CAO The Hindu NOTES – 14th June, 2018 (Daily News Paper Current Affairs Analysis)

📰THE HINDU NEWSPAPER DAILY  Hindu Current Affairs Analysis


Date:- 14th June 2018

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Antarctic Ice loss has tripled in a decade (GS 3 Env)

  • Antarctica has lost a staggering three trillion tonnes of ice since 1992.
  • This is according to a landmark study that suggests the frozen continent could redraw the earth’s coastlines if global warming continues unchecked.

Details: Two-fifths of that ice loss occurred in the last five years, a threefold increase in the pace at which Antarctica is shedding its kilometers thick casing.

More than 90% of that frozen water sits atop East Antarctica, which has remained mostly stable even as climate change has driven up earth’s average surface temperature by a full degree Celsius.

West Antarctica, however, has proven far more vulnerable to global warming. Already floating, ice shelves breaking off into icebergs do not add to sea level. But massive glaciers in West Antarctica, slowly gliding seaward, hold enough water to push oceans up by 3.5 meters.

The findings also highlight the existential threat facing low-lying coastal cities and communities home to hundreds of millions of people.

Ice in the Antarctic is melting at a record-breaking rate and the subsequent sea rises could have catastrophic consequences for cities around the world.

A separate study warns that unless urgent action is taken in the next decade the melting ice could contribute more than 25cm to a total global sea level rise of more than a meter by 2070. This could lead eventually to the collapse of the entire west Antarctic ice sheet, and around 3.5m of sea-level rise.

It shows that before 2012, the Antarctic lost ice at a steady rate of 76bn tonnes per year – a 0.2mm per year contribution to sea-level rise. However since then there has been a sharp increase, resulting in the loss of 219bn tonnes of ice per year – a 0.6mm per year sea-level contribution.

The study warns that time is running out to save the Antarctic and its unique ecosystem – with potentially dire consequences for the world.

The scientists assessed the probable state of Antarctica in 2070 under two scenarios. The first in which urgent action on greenhouse gas emissions and environmental protection is taken in the next few years, the second if emissions continue to rise unabated and the Antarctic is exploited for its natural resources.

The scenario which plays out largely depends on choices made over the next decade, on both climate-change and on environmental regulation.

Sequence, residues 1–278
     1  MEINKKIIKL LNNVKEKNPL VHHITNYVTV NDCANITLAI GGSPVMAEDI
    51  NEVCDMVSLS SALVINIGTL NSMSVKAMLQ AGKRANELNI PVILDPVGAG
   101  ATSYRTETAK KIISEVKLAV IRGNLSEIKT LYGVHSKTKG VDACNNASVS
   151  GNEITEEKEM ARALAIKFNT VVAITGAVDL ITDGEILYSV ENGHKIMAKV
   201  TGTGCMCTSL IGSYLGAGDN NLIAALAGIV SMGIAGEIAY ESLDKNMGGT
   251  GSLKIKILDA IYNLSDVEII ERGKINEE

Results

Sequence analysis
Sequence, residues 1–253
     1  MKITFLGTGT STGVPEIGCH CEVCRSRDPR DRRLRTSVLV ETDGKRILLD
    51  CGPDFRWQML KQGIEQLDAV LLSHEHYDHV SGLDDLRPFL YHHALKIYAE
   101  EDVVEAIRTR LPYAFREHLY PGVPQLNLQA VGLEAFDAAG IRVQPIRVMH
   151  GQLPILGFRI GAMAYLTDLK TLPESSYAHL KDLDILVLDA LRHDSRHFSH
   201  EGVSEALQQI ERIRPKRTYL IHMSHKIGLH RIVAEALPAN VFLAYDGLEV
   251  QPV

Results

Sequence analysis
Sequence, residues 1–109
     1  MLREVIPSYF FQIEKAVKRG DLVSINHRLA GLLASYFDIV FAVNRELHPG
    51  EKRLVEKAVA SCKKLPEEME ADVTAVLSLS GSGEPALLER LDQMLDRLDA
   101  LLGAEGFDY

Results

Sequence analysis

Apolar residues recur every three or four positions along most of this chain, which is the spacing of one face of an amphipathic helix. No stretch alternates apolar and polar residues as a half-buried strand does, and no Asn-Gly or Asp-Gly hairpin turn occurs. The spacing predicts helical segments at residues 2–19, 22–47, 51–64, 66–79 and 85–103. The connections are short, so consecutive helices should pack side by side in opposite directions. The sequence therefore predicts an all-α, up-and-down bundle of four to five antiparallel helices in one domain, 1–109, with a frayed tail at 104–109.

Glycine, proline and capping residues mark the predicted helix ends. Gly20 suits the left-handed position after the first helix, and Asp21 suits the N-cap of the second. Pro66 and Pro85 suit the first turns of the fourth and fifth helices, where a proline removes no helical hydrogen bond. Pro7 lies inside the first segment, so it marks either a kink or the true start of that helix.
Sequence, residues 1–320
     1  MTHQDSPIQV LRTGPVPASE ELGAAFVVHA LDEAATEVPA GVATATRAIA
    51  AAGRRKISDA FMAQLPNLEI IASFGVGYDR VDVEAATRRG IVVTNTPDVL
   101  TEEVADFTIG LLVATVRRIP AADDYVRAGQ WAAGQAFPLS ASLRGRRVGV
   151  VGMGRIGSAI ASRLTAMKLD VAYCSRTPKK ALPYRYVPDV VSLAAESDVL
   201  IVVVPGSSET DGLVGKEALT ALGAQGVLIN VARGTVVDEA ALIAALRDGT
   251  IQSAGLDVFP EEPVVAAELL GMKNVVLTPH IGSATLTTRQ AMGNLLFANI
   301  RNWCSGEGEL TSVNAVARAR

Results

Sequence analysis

As well as being a major cause of sea-level rise, scientists say the oceans around Antarctica are a key “carbon sink” – absorbing huge amounts of greenhouse gases helping to mitigate the impacts of climate change.

The result also reinforces that nations have a short window — perhaps no more than a decade — to cut greenhouse-gas emissions if they hope to avert some of the worst consequences of climate change.

Antarctica, the planet’s largest ice sheet, lost 219 billion tons of ice annually from 2012 through 2017 — approximately triple the 73 billion-ton melt rate of a decade ago, the scientists concluded. From 1992 through 1997, Antarctica lost 49 billion tons of ice annually.

Greenpeace is campaigning for a large tract of the ocean surrounding the Antarctic to be made into the world’s biggest ocean sanctuary.


National Dam Safety Authority (GS 2 Gov)

  • The Union Cabinet, chaired by Prime Minister Narendra Modi, has approved a proposal for introduction of the Dam Safety Bill, 2018 in Parliament.

Details: The Bill envisages a National Dam Safety Authority, which will liaise with State-level dam safety organizations and the owners of dams for standardizing safety-related data and practices.

The NDSA will investigate dam failures and have the authority to fine the States that are found remiss in implementing safety measures.

It will look into unresolved points of issue between the States which share dam territory and look to eliminating potential causes for inter-State conflicts.

A case in point is the Mullaperiyar dam in Kerala, which is a perennial flashpoint between the State and neighboring Tamil Nadu.

The Chennai floods of 2015 due to unusually heavy rain were thought to have been compounded by an unprecedented release of water from the Chembarambakkam dam into the Adyar.

Due to lack of legal and institutional architecture for dam safety in India, dam safety is a perennial concern.